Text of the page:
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Mahtan was a renowned Ñoldorin metallurgist of Aman and the father of Nerdanel, the wife of Fëanor.

Mahtan had a beard, which was unusual for an Elf especially one as young as he. According to J. R. R. Tolkien most elves could only grow beards from the "third cycle" of their lives, while Mahtan was an exception in being only early in his second. It is unclear what these "cycles" actually refer to.[2]

BiographyEdit

Mahtan was a skilled smith in Valinor learning the arts of metal and stone work under the direction of the Vala Aulë.[3] He wore a copper circlet around his head and was known for his fondness for the metal more than gold. Mahtan passed on his knowledge to his eager pupil and son-in-law Fëanor who surpassed his teacher by becoming the greatest of all Elven craftsmen. When Fëanor and certain Ñoldor became more proud and suspicious of other Ñoldor kin due to the lies of Melkor, and began forging weapons and armour of war the first ever in Valinor, Mahtan came to regret teaching him given the way he was using his knowledge. Later, Nerdanel became estranged from her husband and retired back to Mahtan's house. The servants of Aulë counselled against joining the Revolt of the Ñoldor and therefore he chose not to rebel and remained in Valinor in peace forever after.[1]

EtymologyEdit

The name Mahtan seems to come from the Quenyan mahta- ("to handle"), reference to the arts and skills of making. His devotion to Aulë had earned him the name Aulëndur ("Servant of Aulë")[4] from -ndur ("to serve").[5] The earlier form of this name was Aulëndil, which was later used by Sauron during his treachery to Númenor. His other name Urundil means "Copper-lover"[4] from urun ("copper") and -ndil ("lover, friend").[5][6] His other epessë Rusco means "Fox", a reference to his red-brown hair.[1]

House of FëanorEdit

House of Feanor

Finwë
   
   
Míriel
   
   
Mahtan
   
   
   
   
   
   
   
   
   
   
   
   
   
   
   
   
   
   
   
   
   
   
   
   
Fëanor
   
   
   
   
   
   
Nerdanel
   
   
   
   
   
   
   
   
   
   
   
   
   
   
   
   
   
   
   
   
   
   
   
   
   
   
   
   
   
   
   
   
   
   
   
   
   
   
   
   
   
   
   
   
   
   
   
   
   
   
   
   
   
   
   
   
   
   
   
   
   
   
   
   
   
   
Maedhros
   
   
Maglor
   
   
Celegorm
   
   
Caranthir
   
   
Curufin
   
   
Amrod
   
   
Amras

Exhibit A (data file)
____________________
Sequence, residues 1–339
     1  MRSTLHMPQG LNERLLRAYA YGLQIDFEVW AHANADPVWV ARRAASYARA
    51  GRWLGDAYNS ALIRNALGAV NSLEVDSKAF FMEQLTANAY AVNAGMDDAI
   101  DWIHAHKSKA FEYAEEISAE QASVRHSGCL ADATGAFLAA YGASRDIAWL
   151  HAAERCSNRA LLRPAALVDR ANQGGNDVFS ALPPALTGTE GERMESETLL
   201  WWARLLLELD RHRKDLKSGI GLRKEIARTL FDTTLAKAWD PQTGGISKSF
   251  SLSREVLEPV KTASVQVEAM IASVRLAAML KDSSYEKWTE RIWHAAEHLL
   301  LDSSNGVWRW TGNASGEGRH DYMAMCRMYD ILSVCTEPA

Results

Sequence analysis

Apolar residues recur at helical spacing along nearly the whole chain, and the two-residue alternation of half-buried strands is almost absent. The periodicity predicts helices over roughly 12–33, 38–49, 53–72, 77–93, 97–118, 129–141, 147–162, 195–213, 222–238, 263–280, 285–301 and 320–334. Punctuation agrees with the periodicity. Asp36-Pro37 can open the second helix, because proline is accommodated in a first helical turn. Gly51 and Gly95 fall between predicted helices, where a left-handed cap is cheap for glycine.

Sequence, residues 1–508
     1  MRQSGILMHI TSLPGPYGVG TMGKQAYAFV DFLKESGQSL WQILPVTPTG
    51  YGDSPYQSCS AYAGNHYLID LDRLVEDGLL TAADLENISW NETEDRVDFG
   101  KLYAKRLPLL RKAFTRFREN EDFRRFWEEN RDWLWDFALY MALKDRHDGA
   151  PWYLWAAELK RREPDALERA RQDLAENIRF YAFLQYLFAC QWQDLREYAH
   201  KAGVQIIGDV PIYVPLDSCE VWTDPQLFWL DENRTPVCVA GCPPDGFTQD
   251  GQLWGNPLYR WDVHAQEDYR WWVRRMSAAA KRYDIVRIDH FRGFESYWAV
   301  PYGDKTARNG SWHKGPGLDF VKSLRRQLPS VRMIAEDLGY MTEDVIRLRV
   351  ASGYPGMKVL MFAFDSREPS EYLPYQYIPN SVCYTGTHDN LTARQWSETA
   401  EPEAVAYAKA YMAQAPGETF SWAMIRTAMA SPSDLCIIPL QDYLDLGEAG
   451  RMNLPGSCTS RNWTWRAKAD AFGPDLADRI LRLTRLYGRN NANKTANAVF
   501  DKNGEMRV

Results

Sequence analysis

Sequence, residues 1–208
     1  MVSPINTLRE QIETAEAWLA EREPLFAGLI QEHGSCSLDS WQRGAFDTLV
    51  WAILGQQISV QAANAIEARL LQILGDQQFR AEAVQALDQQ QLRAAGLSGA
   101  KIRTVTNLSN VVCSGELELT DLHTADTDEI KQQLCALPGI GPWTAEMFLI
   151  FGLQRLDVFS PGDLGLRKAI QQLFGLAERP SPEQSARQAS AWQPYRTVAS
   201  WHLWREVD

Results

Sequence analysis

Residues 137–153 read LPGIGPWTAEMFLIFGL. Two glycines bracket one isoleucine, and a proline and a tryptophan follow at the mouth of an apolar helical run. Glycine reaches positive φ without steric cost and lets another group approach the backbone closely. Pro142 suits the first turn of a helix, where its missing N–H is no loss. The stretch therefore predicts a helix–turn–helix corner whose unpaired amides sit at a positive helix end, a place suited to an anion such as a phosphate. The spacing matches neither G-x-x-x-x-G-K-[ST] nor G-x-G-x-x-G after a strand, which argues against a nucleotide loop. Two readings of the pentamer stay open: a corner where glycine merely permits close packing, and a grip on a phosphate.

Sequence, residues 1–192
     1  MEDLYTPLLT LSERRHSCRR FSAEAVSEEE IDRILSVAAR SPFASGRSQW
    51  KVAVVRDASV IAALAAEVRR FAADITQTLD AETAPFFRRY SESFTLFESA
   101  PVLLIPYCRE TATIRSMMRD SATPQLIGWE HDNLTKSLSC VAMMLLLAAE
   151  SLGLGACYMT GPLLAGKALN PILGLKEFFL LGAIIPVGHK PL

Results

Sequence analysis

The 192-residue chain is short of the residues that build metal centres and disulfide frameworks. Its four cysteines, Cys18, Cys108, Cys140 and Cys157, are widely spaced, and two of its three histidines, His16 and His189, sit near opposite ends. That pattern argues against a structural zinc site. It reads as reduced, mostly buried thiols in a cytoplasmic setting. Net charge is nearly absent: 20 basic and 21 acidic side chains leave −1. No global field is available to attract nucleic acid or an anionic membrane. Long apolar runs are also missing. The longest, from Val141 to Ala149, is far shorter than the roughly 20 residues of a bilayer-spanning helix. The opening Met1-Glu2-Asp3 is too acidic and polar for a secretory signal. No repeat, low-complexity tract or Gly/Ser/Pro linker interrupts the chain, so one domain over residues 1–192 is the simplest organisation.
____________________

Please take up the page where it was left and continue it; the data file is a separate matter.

Celebrimbor


Translations around the WorldEdit

Foreign Language Translated name
Amharic ማህታን
Arabic ماهتان
Armenian Մահտան
Belarusian Cyrillic Маhтан
Bengali মাহ্তান
Bulgarian Cyrillic Махтан
Chinese 瑪哈坦
Georgian მაჰტანი
Greek Μαχταν
Gujarati મહતાન
Hebrew םאהתאנ
Hindi मह्तन
Japanese マハタン
Kazakh Маһтан (Cyrillic) Маһтан (Latin)
Korean 마흐탄
Kyrgyz Cyrillic Маhтан
Lao ມະຫຕະນ
Macedonian Cyrillic Махтан
Marathi महतान
Mongolian Cyrillic Маhтан
Nepalese मह्तन
Pashto ماهتان
Persian ماهتان
Punjabi ਮਹਾਤਨ
Russian Махтан
Sanskrit मह्तन्
Serbian Махтан (Cyrillic) Mahtan (Latin)
Sinhalese මහ්තන්
Tajik Cyrillic Маҳтан
Tamil மஹ்தந்
Telugu మహ్తన
Ukrainian Cyrillic Магтан
Urdu ماہتن
Uzbek Маҳтан (Cyrillic) Mahtan (Latin)
Yiddish מאַהטאַנ

ReferencesEdit

  1. 1.0 1.1 1.2 1.3 The History of Middle-earth, Vol. 12: The Peoples of Middle-earth, XI: "The Shibboleth of Fëanor"
  2. "From The Shibboleth of Fëanor" (edited by Carl F. Hostetter), in Vinyar Tengwar, Number 41, July 2000, p. 9
  3. The Silmarillion, Quenta Silmarillion, Chapter VI: "Of Fëanor and the Unchaining of Melkor"
  4. 4.0 4.1 The History of Middle-earth, Vol. 12: The Peoples of Middle-earth, XI: "The Shibboleth of Fëanor", Note 61
  5. 5.0 5.1 The History of Middle-earth, Vol. 5: The Lost Road and Other Writings, Part Three: "The Etymologies"
  6. The Silmarillion, Appendix: Elements in Quenya and Sindarin names